• Most of the stand-alone Benefits Administration solutions are usually excellent at working with a separate payroll/HR vendor. That being said, our implementation oversight teams often have to advocate for these vendors to prioritize the connectivity feeds to payroll and HR.

– Sometimes your existing HR, Payroll, or Time technology vendors are able to provide Benefits Administration services as well. For example, to pick the most common vendor in the marketplace, ADP’s WorkforceNow suite is an all-in-one application that’s doing rather well in some of our clients’ evaluations. It has better Benefits Administration functionality than most other all-in-one solutions out there and most telling to our buyers: up until recently their benefits module was strong enough to be sold stand-alone without payroll. Very few other vendors can say that about their benefits modules in the mid-market. It will offer less than the stand-alone Benefits Administration vendor solutions, but will be the most integrated offering.

– Carrier connectivity can be a problem if the vendor isn’t heavily versed in the benefits domain as is the case with many of the payroll vendors who only scratch the surface of benefits complexity. As a great attempt at a proof statement, Paychex offers free carrier feeds to their BeneTrac clients to assure them they understand and can handle the connectivity needs. While it may sound smoother than it actually turns out to be, it’s a great marketing technique.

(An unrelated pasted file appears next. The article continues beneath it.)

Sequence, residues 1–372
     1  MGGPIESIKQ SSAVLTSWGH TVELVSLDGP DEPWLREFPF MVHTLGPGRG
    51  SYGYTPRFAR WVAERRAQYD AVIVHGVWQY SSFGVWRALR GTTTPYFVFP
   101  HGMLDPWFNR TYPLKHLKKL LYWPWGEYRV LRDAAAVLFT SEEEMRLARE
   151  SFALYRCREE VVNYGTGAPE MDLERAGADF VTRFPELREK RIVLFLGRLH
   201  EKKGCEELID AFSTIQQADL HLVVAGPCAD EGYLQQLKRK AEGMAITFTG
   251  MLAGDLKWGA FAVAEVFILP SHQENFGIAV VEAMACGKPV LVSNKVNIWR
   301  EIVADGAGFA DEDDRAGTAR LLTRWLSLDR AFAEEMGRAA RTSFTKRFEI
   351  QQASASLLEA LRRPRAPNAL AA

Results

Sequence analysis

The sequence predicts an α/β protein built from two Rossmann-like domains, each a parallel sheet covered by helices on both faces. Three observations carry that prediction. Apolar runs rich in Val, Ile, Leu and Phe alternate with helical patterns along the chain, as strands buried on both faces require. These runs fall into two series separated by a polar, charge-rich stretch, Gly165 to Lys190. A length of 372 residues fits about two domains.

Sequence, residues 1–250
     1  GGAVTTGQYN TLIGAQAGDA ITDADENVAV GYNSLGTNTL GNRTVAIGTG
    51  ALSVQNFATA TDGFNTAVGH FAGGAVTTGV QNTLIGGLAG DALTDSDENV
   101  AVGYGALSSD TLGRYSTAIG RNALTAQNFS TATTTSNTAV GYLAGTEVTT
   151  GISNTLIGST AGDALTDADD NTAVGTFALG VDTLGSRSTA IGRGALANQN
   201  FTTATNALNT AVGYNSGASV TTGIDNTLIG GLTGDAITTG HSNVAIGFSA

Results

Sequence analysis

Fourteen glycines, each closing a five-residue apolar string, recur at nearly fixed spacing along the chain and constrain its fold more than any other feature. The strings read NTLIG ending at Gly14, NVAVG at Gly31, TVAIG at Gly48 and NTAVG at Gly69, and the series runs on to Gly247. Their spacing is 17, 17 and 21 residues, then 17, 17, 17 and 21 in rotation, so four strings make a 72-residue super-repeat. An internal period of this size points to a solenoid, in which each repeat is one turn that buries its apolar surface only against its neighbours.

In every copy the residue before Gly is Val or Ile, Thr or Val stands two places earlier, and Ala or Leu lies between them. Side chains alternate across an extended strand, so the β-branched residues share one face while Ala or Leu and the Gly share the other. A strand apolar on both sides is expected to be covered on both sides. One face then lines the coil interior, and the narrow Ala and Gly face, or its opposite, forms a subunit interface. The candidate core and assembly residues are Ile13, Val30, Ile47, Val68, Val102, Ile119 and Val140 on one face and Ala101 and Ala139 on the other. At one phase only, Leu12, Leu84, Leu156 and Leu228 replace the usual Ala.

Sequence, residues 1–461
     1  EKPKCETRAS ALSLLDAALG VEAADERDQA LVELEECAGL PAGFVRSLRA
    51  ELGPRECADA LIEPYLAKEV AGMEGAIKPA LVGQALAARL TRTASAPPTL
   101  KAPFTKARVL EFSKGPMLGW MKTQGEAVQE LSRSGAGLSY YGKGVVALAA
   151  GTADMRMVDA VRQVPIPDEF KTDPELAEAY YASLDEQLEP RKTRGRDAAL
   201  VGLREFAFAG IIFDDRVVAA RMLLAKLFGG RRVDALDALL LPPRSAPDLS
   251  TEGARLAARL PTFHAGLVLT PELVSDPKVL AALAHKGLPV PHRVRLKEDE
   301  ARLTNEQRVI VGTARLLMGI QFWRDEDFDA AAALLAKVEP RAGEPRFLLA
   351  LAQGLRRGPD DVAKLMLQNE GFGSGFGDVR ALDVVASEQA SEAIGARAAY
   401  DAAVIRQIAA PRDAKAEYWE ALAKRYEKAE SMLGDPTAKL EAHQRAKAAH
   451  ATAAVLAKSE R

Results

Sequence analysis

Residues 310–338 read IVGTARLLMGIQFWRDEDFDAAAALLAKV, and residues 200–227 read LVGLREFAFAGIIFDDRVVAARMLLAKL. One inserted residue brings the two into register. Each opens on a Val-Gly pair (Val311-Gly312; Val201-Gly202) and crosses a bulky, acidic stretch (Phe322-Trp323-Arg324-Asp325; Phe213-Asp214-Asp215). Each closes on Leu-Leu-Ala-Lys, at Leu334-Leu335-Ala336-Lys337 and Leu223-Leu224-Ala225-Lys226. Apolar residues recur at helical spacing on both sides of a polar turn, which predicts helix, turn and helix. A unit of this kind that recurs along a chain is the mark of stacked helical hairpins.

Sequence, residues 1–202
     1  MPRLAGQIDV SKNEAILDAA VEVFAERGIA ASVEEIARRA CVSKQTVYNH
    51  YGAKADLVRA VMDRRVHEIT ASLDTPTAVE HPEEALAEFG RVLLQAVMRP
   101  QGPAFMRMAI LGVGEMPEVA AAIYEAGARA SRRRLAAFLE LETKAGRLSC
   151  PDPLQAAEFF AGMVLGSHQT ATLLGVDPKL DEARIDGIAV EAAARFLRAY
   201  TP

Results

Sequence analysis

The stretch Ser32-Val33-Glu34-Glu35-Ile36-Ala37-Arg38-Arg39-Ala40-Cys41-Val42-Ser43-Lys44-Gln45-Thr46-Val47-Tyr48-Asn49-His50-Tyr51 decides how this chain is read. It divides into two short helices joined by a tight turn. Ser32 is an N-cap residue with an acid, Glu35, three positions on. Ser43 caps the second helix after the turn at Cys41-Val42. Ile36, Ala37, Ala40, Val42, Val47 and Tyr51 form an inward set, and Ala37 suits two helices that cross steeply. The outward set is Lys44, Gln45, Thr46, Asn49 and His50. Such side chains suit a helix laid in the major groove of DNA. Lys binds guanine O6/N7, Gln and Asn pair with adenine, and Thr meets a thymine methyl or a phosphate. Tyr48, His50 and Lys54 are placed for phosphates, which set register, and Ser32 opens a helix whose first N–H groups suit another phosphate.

Common Goal #2 – Ability to customize

–  This is a scary word for our teams as most of the dissatisfaction we’ve seen with vendor solutions after the contract has been signed originates from customers’ customizations or ongoing maintenance of those customizations. There are times customizations make sense – but they are very rare indeed – and expectations need to be crystal clear of the ongoing maintenance. We much prefer finding a solution for our employers where “configuration” is possible within the toolset/options included in the standard product (flipping switches vs. writing code).

– The higher-end solutions can accommodate a lot of plan and communication complexity within their solutions without requiring professional services work. Vendors in this space include bswift, BusinesSolver and Empyrean among others. Of course, each will have different areas of strength and a well-researched Business Requirements Document (BRD) can save an employer buyer a whole heap of heartache!

 

Stay tuned for the other two most common employer goals, which we will share later this week. In the meantime, what are your thoughts on these goals? Are they pretty similar to those of your organization?